I grew up in an Asian-American family where education was everything, or at least it seemed that way. Getting a B was below average, and to make things worse, both of my sisters were honor students. Then comes little Ed, whose passion was sports and wanted nothing to do with school. Don't get me wrong, I worked hard and wanted to make my parents proud, but it just didn't come easy to me. And I just wanted to play sports.
Throughout elementary school, middle school and high school, my grades were just average (below average for my Asian parents). I put in the time and my parents bribed me with Star Wars figures, to no avail.
As I approached high school graduation, my father said, "You're going to study computers in college." I didn't know what I wanted to do, and computers was a good field, so off I went to Rider College (now Rider University). I liked it, but didn't LOVE it. And after 2.5 years, I failed out... TWICE. I failed out once, appealed it, and was reinstated. Then I failed out again, appealed it, and was denied.
I was a failure.
In sports, I was always driven to come back after failing. Why couldn't I do that in school?
So I needed to figure out what I was going to do for the rest of my life. Would I just get a degree anywhere and work in the computer field, or should I follow my passion?
After some soul searching, I decided if I didn't follow my passion, I would regret it. And I didn't want to regret anything at the end of my life.
I began teaching tennis and eventually enrolled in Ferris State University's Marketing and Professional Tennis Management Program.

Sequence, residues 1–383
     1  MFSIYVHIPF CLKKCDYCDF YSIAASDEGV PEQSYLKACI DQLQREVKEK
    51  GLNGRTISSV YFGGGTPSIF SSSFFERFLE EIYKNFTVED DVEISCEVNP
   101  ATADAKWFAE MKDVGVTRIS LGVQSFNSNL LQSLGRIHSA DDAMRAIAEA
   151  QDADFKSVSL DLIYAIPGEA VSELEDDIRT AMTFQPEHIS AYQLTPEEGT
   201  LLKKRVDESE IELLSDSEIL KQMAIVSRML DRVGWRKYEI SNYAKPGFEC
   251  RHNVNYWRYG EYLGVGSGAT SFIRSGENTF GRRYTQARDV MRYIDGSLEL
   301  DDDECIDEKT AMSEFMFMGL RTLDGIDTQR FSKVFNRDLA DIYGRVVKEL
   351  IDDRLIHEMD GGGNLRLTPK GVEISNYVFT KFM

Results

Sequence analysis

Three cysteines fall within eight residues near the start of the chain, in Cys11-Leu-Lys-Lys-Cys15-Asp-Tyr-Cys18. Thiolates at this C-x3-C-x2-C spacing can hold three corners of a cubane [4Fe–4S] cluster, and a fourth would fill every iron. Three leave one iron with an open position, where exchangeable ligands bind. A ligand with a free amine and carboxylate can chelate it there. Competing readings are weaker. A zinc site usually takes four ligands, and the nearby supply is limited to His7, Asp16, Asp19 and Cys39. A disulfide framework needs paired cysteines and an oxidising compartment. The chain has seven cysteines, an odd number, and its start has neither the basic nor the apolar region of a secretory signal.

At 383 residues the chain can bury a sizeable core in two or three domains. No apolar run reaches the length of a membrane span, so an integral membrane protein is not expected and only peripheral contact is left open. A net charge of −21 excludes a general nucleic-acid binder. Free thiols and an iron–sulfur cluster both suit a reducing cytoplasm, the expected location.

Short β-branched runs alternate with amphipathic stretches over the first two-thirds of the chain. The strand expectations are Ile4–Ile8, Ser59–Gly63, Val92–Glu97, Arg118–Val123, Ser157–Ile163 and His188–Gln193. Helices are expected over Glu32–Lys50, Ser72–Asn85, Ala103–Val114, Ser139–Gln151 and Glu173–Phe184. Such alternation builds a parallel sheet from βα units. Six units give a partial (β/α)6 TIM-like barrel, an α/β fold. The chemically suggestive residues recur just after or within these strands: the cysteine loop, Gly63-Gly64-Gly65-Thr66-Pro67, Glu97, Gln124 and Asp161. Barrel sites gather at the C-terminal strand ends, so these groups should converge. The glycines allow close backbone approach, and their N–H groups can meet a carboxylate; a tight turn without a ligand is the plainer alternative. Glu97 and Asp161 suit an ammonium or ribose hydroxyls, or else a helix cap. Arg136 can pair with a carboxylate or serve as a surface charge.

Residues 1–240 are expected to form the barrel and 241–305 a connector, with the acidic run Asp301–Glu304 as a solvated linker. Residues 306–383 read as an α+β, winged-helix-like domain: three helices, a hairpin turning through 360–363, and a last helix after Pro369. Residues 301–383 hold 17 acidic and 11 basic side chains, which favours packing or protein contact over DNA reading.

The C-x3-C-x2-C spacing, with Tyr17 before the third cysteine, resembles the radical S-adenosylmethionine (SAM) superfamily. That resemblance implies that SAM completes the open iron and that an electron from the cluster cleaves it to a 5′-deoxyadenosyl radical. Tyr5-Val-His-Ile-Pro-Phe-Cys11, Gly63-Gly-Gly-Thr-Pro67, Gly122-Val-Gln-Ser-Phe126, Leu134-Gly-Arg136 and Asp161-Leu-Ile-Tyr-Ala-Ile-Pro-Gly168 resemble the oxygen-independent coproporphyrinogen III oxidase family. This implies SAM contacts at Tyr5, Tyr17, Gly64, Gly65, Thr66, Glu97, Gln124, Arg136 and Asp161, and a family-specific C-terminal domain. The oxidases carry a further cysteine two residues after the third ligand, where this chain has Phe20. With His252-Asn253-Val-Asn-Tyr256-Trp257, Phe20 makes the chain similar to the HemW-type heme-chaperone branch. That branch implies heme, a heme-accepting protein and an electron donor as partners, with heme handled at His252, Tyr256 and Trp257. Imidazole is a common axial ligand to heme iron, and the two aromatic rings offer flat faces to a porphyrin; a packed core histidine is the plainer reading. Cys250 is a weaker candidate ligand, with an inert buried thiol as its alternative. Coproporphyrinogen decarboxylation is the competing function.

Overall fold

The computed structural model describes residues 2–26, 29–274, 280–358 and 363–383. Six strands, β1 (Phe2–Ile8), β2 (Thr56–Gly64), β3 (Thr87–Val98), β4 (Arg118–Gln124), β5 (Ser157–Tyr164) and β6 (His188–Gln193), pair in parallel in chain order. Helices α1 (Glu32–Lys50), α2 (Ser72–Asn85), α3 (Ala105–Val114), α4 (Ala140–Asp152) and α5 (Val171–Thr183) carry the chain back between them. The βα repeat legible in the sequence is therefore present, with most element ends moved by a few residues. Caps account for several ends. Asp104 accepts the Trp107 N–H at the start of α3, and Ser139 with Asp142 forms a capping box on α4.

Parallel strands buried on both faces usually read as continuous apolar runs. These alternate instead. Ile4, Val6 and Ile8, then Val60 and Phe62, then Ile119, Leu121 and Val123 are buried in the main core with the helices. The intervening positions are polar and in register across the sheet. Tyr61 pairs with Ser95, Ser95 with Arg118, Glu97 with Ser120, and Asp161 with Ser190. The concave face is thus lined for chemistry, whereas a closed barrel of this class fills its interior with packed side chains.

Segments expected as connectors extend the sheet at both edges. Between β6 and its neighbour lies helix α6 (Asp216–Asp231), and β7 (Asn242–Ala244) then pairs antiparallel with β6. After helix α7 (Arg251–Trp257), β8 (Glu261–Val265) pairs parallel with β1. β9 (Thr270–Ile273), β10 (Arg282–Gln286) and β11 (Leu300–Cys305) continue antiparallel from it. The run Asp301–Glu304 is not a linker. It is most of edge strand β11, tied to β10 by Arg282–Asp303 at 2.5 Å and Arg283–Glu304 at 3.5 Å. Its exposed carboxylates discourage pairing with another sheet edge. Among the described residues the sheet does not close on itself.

My grades skyrocketed.
I graduated in 1997, and in 2005, I was named pro of the year for the United States Tennis Association (New Jersey District). I then went on to start my own business, writing books (Game, Set, Life: Peak Performance for Sports and Life), and giving lectures throughout the country.
So what did I learn from failing out of college?
1. Breakdowns can lead to breakthroughs. What seemed like the worst thing that ever happened to me, turned into the best thing that happened to me. I didn't listen to that little voice inside my head that said I was no good.
2. It's not what happens to you, it's not what happens around you... what really matters is what's happening INSIDE you. Failing out of college cannot define you, unless you let it. We all have negative and insecure thoughts from time to time, but when you don't concern yourself with those thoughts, they have no power over you.
3. Focusing on the past is like driving a car only looking through the rear view mirror. Once I began following my passion, I never looked back. Instead of focusing on where I had been, I focused on where I wanted to go. In sports, the players that focus on the shot that they missed, are not focused on the play/shot at hand. When you just your thoughts come and go, you will naturally be focused on the present moment.
4. When you love what you do, you won't work a day in your life. At Rider, I was just "in" school and I failed out, but when I was at Ferris State, I was "into" school and thrived. When you are "in" school, you are just enrolled. When you are "into" school, you are involved. If you are passionate about your work, it's not work.
5. It's not how you start, it's how you finish. If you were running the New York City Marathon, does it matter how quickly you start? Of course not, it matters how quickly you finish. My academic career didn't start off that well, but I finished college on a high note and went on to become Pro of the Year, an author, speaker, and founder of my own company.
When I was younger, my father used to say, "Ed, you have to work hard." Now that I have bounced back, reached a certain level of success, and put everything into what I do, whenever I see my father, he looks at me and says...
"Ed, don't work so hard."
So yes, I failed out of college. But in sports (and life), some of the most successful people have failed the most. To them it's not failure, it's feedback. Do you want to know the best part of the story?
I go back nearly every year to Rider University as a guest speaker.
A setback can be a setup for a comeback.
Connect with Ed:
Free Peak Performance Course: www.edtseng.com
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